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Best beers and breweries in Hamburg, Germany
Germans like their beer.
Ok, there’s nothing surprising about that statement. It’s like saying the French like their wine. But, much like the variety of wines in France, Germany has a huge variety of beers. And also a lot of different histories when it comes to making beer.
For Hamburg, for example, brewing is an extremely important part of its story and began many hundreds of years ago.
Hamburg was once known as the brewery of the Hanseatic League, the alliance of powerful northern European cities that controlled the maritime trade between the 14th and 17th centuries.
When your clients are the richest people in the richest continent – you’re doing pretty well!
The first beers were being produced in Hamburg more than 1000 years ago but it was during these Hanseatic years the the industry really grew into its own. At the height of this period, there were more than 500 private breweries operating in the city.
Huge ships poured out of Hamburg’s port, full of barrels of beer. They took the strong amber drink to Belgium, the Netherlands, Scandinavia and the Baltic countries.
It’s estimated that during the 14th century, more than 10 million litres of beer was produced in Hamburg!
Gradually the industry declined, though. By the end of the 17th century, it was a dire situation.
Beer was being produced in more places, schnapps was becoming more popular and even drinks like coffee and tea were taking a slice of the market. It was the end for Hamburg’s beer producers.
It took a long time before the beer industry began to have a resurgence in Hamburg. It all began again at the end of the 19th century and in 1900 there were 15 breweries in Hamburg (a long way from that height of 500!).
Over the past century, small beer makers have come and gone, and the focus today seems to be on the craft beer market. Only the Holsten Brewery is doing any large-scale production.
But don’t judge the city on the number of breweries because, much like 600 years ago, there’s a real emphasis on beer again in Hamburg.
If you’re interested in learning a bit more for yourself (and, of course, sampling some of the local brews), I would recommend the following three places:
This is by far the largest brewery in Hamburg and is the producer of the local beer – Holsten Pilsner, which is a pale lager. The production complex also makes the German beer Astra and produces the foreign beers Tuborg and Carlsberg for the German market.
The Holsten Brewery in Altona has a production capacity of about 320 million litres and, when you see it for yourself, it’s not surprising. The great thing is that you can see the brewery for yourself.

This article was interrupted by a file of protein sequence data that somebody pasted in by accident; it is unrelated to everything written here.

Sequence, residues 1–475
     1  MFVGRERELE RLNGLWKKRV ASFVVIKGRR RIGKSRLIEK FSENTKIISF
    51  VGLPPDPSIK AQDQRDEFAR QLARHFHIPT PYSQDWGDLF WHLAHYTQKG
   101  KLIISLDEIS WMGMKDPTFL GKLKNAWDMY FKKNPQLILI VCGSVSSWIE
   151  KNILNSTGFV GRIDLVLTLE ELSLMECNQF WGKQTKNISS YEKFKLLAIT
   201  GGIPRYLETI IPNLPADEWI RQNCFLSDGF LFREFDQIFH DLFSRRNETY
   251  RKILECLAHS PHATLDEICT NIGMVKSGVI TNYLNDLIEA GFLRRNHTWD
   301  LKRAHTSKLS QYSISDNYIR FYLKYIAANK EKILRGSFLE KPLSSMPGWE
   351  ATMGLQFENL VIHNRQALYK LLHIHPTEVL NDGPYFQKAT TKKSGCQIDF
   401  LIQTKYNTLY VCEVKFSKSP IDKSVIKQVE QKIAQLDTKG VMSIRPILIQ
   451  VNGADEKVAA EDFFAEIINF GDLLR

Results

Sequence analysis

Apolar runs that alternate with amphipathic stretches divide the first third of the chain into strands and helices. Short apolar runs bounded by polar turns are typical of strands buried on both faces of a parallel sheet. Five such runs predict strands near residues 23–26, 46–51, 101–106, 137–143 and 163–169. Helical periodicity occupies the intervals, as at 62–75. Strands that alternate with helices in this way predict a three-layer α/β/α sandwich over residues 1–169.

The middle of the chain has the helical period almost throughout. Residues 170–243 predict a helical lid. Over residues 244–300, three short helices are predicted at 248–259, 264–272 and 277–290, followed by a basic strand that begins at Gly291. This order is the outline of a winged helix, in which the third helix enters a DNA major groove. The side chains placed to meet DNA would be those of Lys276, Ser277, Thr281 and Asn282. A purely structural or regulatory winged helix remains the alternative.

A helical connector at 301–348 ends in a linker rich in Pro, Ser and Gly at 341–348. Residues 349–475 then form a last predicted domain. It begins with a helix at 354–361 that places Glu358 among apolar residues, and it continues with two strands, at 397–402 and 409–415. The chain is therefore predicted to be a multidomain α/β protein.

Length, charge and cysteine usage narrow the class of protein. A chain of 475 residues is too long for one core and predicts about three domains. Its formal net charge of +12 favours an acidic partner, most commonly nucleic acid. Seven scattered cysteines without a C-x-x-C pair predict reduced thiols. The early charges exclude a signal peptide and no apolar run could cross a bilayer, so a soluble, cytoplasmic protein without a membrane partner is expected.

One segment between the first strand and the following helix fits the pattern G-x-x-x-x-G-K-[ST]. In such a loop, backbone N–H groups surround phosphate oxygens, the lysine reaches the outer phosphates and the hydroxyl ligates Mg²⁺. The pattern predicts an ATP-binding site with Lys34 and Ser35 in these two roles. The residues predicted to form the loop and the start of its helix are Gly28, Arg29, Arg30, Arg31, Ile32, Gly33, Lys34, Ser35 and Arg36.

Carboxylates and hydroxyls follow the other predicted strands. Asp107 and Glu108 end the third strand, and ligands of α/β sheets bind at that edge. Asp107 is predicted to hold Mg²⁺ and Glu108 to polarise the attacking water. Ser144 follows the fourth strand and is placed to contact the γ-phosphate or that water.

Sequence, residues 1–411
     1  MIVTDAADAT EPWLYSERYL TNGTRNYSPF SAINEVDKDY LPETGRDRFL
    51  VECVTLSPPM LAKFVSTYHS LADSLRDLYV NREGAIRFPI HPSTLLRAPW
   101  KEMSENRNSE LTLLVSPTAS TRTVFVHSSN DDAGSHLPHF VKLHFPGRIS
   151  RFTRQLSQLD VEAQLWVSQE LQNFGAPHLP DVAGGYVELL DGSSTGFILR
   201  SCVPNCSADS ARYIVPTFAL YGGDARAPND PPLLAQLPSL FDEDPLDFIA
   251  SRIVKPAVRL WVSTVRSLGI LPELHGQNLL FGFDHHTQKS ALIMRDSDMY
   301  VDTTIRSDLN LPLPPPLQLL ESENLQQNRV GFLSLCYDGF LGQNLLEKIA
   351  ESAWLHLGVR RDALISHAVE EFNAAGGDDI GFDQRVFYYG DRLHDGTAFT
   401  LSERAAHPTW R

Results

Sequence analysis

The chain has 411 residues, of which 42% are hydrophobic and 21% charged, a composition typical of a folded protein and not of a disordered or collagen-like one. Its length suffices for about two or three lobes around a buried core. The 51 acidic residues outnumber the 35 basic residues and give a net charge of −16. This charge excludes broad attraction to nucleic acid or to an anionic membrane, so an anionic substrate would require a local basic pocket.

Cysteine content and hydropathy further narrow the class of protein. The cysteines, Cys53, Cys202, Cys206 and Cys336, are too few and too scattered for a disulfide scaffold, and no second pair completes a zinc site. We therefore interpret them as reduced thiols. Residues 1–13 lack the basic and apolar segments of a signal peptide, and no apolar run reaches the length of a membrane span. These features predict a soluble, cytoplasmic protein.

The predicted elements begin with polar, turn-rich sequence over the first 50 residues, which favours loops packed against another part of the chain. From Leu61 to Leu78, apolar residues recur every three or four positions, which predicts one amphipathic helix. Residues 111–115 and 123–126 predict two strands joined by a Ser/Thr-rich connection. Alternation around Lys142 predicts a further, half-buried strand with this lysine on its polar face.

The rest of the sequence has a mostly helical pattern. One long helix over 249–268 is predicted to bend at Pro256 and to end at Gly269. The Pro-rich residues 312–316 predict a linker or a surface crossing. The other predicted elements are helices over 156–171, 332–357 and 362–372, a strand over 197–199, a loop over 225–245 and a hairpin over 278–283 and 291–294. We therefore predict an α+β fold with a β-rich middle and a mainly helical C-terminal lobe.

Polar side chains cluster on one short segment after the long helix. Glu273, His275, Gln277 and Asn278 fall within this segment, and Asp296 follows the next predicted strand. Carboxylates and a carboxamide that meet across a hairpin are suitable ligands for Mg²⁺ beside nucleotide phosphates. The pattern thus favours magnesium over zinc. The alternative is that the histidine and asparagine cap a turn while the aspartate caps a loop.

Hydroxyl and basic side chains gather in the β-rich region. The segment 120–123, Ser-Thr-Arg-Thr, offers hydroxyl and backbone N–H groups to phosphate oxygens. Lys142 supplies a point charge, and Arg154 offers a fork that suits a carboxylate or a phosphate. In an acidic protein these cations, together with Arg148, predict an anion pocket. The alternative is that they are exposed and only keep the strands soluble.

There are regular tours that take you through many of the stages of production to see the inner workings firsthand. Most of it is done by computers and machines these days but it’s fascinating.
Of course, a tour of the brewery would not be complete without a tasting and there’s plenty of time put aside at the end to try a few of the different beers that are made on the site.
The Ratsherrn Brewery is relatively and only opened in 2012 in the Schanzen-Höfen part of Hamburg. It is a craft brewery and places a real emphasis on the taste of its small range of drinks.
Although they say they are influenced by the tradition in Hamburg, they have also taken modern inspiration from countries like the US, Denmark and Italy.
There are about half a dozen regular beers made by Ratsherrn plus seasonal varieties. It’s all done in a relatively small room that has a glass wall that you can see into it through.
If you want to get beyond the glass wall, never fear, you can also arrange tours by contacting the brewery directly.
For most people, though, it might be enough just to go and taste the beers on offer. As part of the Ratsherrn Brewery is a very cool pub with indoor and outdoor areas to relax and have a couple of drinks.
Joh Albrecht Brewery
For something a bit more traditional, it is worth checking out the Joh Albrecht Brewery on the canal right near the Town Hall. This is a small business that seems like a pub from the outside.
In fact, it really feels just like a restaurant. The giveaway that it’s also a brewery are the large metal vats above the bar at the entrance.
The food here is great and I can highly recommend the schnitzel. There are no tours and there’s not much information about the brewing process – although you can, of course, ask the staff there if you have any questions.
Instead, I think this is a good place just to relax for a little while and get a delicious local meal with some excellent beer.
I hope all of the helps your hunt for some local beers in Hamburg. If you would like to learn more, I recommend this guided tour of Hamburg’s beer scene!
Time Travel Turtle was supported by the German National Tourist Board but the opinions, over-written descriptions and bad jokes are his own.